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MSF Activities in Iraq
Currently, MSF has 13 international volunteers and 28 Iraqi staff working throughout Iraq.
August 22, 2003
An MSF team has been working in the Al Thawra hospital in Sadr City since May 2003. One doctor works on the male surgical ward to give train and supervise the nursing staff and junior doctors. MSF has produced two booklets - one on dressings and the other on vital signs and distributed copies to all the nursing staff.
A team continues supervising the primary health care program at the Al Muntadhar Clinic, which performs 700-800 consultations per week. MSF also works at the Al Ma'amil Clinic where staff performs nearly 2,000 consultations per week for adults and children; collects morbidity data; and carries out an EPI vaccination program (basic vaccination package for children). The clinic also houses a pharmacy.
During June and July, the team performed a Mid-Upper Arm Circumference (MUAC) screening of 1,343 children between 6 months and 5 years old in the two clinics. The results showed 1.4% of the children were severely malnourished and 6% suffered from moderate malnutrition. These percentages are quite low, especially since the children screened were already ill, indicating that there was probably no major food problem. Further screening will continue, though.
The team is in the process of renovating a building in Al-Obiedi that will house a third Primary Health Center (PHC) and construct facilities for maternal health care at in Al Ma'amil.
MSF is helping to re-establish diagnostic testing facilities in the public health laboratories of Baghdad and 9 other governates in the upper south region of Iraq, through the provision of equipment, reagents and materials.
MSF supports three primary health care centers in Basra and 13 in Maysan governate with supplies to fill current shortages in drugs and laboratory equipment for the treatment of chronic and infectious diseases. MSF is also rehabilitating the central public health laboratory in Amarah, Maysan governate.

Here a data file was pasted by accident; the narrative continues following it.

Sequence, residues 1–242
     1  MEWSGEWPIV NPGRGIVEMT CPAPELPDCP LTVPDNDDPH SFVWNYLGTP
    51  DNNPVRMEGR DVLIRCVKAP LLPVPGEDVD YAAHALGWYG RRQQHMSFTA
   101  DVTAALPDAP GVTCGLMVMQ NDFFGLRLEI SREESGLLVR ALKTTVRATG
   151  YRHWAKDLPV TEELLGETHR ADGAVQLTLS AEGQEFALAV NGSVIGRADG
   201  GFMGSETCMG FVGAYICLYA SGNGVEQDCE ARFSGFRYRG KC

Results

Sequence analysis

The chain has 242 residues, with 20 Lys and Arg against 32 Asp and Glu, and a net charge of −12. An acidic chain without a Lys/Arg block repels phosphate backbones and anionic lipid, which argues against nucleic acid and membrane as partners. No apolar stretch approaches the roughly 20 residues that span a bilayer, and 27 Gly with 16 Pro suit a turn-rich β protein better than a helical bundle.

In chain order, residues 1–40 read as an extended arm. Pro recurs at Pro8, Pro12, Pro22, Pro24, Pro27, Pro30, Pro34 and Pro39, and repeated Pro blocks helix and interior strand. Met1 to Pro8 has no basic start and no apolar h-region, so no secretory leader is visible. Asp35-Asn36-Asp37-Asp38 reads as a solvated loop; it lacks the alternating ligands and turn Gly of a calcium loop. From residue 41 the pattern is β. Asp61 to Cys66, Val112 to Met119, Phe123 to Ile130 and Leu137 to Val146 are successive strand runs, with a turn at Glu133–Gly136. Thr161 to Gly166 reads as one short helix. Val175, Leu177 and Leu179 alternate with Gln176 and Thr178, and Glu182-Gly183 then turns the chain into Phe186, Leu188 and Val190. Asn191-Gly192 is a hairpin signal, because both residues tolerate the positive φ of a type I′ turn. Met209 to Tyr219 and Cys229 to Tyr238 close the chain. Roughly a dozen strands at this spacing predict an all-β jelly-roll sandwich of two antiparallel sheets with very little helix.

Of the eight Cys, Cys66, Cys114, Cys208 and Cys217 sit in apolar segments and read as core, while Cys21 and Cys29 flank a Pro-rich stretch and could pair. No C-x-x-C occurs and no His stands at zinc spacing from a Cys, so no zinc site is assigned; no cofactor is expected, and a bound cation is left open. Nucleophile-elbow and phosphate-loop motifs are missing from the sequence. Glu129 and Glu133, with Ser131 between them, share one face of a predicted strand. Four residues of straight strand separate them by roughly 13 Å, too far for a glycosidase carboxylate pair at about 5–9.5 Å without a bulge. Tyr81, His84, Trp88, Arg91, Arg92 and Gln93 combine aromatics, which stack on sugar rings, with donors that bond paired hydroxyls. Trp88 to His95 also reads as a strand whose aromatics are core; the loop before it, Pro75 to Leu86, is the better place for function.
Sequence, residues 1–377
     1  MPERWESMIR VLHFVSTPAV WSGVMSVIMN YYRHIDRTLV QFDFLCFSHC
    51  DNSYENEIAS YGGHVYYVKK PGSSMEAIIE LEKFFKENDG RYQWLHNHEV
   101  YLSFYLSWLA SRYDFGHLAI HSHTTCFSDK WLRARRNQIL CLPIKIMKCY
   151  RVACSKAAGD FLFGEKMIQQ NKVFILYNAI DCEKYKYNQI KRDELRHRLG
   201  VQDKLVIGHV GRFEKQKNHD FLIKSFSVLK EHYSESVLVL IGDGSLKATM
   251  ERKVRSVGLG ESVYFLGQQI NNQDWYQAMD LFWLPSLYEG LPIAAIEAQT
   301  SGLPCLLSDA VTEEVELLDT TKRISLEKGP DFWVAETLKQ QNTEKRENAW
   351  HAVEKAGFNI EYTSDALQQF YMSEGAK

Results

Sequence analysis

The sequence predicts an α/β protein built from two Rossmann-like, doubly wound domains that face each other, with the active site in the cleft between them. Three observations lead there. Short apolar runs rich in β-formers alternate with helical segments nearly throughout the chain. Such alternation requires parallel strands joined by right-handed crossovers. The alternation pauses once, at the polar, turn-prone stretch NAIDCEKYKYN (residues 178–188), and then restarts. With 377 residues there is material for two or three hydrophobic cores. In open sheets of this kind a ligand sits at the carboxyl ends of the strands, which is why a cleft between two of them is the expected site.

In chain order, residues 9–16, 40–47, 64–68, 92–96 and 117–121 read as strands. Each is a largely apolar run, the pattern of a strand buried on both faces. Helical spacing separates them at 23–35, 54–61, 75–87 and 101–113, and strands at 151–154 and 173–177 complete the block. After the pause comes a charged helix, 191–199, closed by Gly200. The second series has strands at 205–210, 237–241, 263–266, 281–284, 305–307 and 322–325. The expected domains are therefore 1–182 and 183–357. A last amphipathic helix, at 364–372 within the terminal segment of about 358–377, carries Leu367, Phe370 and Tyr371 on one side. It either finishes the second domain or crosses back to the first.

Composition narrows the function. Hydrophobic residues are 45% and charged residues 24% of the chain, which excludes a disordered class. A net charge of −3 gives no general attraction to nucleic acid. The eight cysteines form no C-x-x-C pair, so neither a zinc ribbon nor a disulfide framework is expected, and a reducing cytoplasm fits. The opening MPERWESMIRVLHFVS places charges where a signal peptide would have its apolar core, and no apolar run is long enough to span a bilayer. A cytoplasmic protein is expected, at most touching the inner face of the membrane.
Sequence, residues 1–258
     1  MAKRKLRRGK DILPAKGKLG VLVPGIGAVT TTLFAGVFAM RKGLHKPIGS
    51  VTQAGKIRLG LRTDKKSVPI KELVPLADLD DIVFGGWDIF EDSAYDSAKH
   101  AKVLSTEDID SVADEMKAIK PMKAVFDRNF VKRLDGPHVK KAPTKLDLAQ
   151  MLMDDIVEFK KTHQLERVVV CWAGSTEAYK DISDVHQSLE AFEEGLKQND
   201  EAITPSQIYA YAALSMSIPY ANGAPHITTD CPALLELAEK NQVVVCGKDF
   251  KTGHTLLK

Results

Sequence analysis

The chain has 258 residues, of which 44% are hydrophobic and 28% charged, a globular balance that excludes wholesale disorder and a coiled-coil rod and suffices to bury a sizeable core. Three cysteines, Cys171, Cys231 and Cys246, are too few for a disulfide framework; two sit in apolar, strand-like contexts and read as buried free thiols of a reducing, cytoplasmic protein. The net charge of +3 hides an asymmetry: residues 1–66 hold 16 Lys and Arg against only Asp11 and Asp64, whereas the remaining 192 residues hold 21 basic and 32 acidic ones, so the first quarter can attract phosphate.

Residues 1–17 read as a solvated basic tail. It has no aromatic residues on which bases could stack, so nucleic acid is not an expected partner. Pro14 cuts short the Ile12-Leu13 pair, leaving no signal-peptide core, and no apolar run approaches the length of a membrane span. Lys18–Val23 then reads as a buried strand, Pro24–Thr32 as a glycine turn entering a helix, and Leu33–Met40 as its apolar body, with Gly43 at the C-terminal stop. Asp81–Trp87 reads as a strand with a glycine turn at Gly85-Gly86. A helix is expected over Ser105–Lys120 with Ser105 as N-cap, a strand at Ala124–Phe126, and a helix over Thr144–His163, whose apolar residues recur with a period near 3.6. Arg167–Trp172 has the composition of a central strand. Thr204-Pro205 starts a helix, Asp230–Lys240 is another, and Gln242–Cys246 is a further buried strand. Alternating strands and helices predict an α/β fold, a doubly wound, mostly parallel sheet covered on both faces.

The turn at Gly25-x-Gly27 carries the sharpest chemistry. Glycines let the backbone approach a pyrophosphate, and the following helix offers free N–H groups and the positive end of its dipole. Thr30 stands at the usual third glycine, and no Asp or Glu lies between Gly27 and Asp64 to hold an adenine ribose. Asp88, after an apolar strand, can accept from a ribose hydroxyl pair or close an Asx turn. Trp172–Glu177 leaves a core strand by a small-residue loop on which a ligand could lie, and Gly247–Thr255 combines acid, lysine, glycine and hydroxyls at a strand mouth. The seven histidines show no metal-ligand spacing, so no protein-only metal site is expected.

MSF continues distributing SSG (Sodium Stibogluconate) to pediatric and selected district hospitals in the Governates of Al Anbar, Karbala, Al Najaf, Al Qadisiyah, Al Muthanna and Thi-qar in order to treat the infectious disease Kala Azar.
In the near future, MSF plans to focus activities on delivering basic health care and antenatal health care in more remote primary health centers around Amarah. Many women do not have access to maternity and women's health care in these areas.
Recent assessments have been carried among the displaced people in Diyala governate, who are moving from the north of the country. Currently, many of these families are living in disused former military camps, where over-crowding and lack of water, sanitation and hygiene pose public health problems. MSF is planning to provide basic health and mother and child healthcare.
MSF evacuated its staff from Basra because of the deteriorating security situation. The MSF team has relocated to Kuwait and will immediately review its programs and options for the future.
The evacuation followed a series of bomb and grenade attacks that were initially focused on the coalition military forces. The attacks have occurred in public areas and on foreigners or symbols of foreign presence like journalists and aid workers.
Iraqi health workers are increasingly targeted and threatened and even abducted for ransom. A few weeks ago, an international ICRC staff member was killed in an attack on their car.
The developing insecurity and the increased number of attacks and threats against aid workers is a clear indication that the division between military and humanitarian action is not respected by the armed groups who are active in the country.